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  • Surprise your beloved with traditional pith work Tajmahal

    For over decades, one of the Seven Wonders of the World, the Taj Mahal has been depicted as the epitome of love to the earnest lovers. This epitome of love was build with white marbles by the River Yamuna as an ode to Mumtaz the deceased wife of the emperor Shah Jahan. Built and supervised by the emperor’s best architect named Ustad Ahmad Lahauri, this masterpiece boasts of intricate craftsmanship for which people from all over the world gather here to celebrate the spirit of love.

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    For a lover and his beloved, the Taj Mahal is a vivid example of expression of love and hence, gifting a miniature model of Taj Mahal built of wood, fiber or stone is quite popular. The Tamil Nadu Poompuhar is one of the leading craft industries, which specializes in Taj Mahal models in Pith work.

    Take a souvenir after visiting the Taj Mahal

    After being a witness to this architectural marvel, the definition of love is changed to the lovers out there. While Shah Jahan had the lavish treasure to spend around 32 million at that era to build the Taj Mahal, you can take a souvenir of this wonder to gift your beloved. No matter if you could not experience the magic of Taj with your lover; you can still give him the essence of Taj through the pith work Taj Mahal, which is crafted to perfection.

    The Pith work Taj Mahal –Why It Is Special

    The intricate detailing of the Taj Mahal is beautifully depicted through the carving on Pith. Now, what is Pith? Pith is collected from the Netti Plant, an aquatic reed growing in marshlands, tanks, inlakes etc. The soft and spongy parenchyma cells of the roots and stems of the reeds are dried and made solid before incorporating it to make this masterpiece, which looks nothing less than the actual Taj Mahal, only smaller!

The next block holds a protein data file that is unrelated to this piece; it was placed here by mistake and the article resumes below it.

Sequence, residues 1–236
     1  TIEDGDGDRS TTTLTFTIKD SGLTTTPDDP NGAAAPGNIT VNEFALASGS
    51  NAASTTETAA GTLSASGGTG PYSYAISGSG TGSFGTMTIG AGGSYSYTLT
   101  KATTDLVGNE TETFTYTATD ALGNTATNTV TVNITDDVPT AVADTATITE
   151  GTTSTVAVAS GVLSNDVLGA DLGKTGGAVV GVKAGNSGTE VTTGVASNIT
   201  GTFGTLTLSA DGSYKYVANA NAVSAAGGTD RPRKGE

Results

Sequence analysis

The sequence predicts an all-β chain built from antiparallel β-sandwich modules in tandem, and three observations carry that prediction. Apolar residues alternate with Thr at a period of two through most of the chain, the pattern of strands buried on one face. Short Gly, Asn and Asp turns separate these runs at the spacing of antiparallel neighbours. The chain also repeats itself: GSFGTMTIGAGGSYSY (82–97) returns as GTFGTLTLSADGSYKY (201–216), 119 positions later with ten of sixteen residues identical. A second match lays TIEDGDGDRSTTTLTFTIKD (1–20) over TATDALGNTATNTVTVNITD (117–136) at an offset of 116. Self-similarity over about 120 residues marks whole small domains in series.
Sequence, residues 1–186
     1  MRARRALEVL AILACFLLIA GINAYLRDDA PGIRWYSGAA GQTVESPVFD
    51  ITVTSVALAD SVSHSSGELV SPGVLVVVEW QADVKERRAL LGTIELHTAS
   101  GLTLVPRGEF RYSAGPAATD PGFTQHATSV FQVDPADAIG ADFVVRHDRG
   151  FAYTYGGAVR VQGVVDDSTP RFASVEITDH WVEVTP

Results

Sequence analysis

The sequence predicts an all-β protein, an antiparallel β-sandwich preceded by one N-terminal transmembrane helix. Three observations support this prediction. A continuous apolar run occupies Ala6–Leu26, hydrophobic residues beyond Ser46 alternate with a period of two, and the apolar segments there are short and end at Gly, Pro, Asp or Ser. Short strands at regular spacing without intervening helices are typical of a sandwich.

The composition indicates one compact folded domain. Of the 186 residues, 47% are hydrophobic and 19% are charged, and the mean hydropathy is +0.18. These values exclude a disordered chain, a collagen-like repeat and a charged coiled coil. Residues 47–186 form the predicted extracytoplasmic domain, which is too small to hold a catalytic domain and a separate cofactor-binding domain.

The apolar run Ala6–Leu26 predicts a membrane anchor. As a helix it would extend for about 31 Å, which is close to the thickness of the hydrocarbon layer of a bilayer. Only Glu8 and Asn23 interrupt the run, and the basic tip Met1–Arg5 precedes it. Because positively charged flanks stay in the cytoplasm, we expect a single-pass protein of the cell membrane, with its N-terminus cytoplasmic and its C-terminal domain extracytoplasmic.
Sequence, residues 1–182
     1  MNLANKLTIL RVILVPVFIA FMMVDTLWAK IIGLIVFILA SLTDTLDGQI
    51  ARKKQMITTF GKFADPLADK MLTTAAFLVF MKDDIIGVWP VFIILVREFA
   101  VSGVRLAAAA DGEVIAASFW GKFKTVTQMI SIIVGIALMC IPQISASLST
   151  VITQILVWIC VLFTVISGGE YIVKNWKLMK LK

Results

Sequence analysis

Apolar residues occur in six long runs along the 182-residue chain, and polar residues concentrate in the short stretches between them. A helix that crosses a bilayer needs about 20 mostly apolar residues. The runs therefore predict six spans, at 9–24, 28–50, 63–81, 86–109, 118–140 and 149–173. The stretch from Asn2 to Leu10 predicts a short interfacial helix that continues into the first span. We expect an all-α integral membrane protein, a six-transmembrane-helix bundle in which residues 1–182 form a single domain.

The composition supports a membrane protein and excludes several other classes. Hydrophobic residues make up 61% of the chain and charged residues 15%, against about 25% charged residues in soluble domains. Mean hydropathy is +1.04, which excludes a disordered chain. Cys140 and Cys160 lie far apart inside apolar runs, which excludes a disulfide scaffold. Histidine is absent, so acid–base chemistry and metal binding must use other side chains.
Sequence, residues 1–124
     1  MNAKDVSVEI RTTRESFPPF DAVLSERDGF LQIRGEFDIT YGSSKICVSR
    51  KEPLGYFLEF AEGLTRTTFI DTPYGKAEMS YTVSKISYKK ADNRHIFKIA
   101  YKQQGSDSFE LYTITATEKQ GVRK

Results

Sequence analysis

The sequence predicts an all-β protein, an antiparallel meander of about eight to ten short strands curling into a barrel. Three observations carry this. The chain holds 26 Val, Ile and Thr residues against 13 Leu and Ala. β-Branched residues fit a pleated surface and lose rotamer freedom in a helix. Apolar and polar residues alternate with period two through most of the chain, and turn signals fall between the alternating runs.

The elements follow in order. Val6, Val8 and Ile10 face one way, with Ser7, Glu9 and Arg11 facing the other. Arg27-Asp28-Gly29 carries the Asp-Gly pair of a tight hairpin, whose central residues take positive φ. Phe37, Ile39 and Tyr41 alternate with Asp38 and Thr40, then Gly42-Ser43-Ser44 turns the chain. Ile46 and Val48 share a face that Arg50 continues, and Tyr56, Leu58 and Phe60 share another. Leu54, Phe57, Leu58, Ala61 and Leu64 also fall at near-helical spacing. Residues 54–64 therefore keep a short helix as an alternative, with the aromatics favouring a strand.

The model is encased in glass frame on a thick base. The whole package is not so huge, neither too small. Moreover, handling is convenient as it weighs only 0.30 kilograms. The full dimension in inches is designed as 4 x 6 x 6. With an affordable cost of just INR 375, anyone can buy it for their beloved to reciprocate their feelings.

    Your Interior Will Get a New Dimension

    With the traditional artwork of the experienced artists from the Puhar or Poompuhar village in Tamil Nadu, this handicraft industry has spread these miniature epitomes of love to various corners of India. So whenever you visit any Poompuhar store, make sure to check this pith work Taj Mahal. This is quite unique as most miniatures are made of either stone or hard plastic or clay. Pith is light, yet with its light yellowish tint, it looks sober. Keeping it on the center table or on a wall rack or on a shelf will make your home interior look different and attractive.

    Undertaken by the Tamil Nadu government, Poompuhar seeks to promote the traditional artworks of the artists who visited different corners of India to provide you the perfectly crafted decors to gift your loved ones.

  • How Poompuhar is bringing life in traditional Indian Art?

    'Indian Art' is a term which encompasses various mediums and styles perfected over centuries by artisans and handicraft workers. Yet this ancient art form is somehow losing its prominence in society. Tamil Nadu Poompuhar aims to showcase those talents which have been unappreciated for long.

    The catrgories have been mapped out keeping in mind the varied artforms which have existed:

    What are our Metal offerings?

    Difficult to carve and yet a beauty to behold, the array of metal designs have been constructed and polished by superior craftsmen.

    The designs are available with antique polish and you can select from the collection like Reshabadevar Set, Boga Shakti, Arthanari, Shivalingam, Arthanarieshwar sets and much more.

    Arthanarieshwar Polish Shop For This Arthanarieshwar - Click Here

    Poompuhar offers Brass items as well, like Brass bowls, Brass Peacock Bead Stones, Brass Nataraj statues, Brass Uruli Weight, Brass Uruli Light Weight, Brass Coloured Weights and a lot more which you can browse through as well as choose from the official website.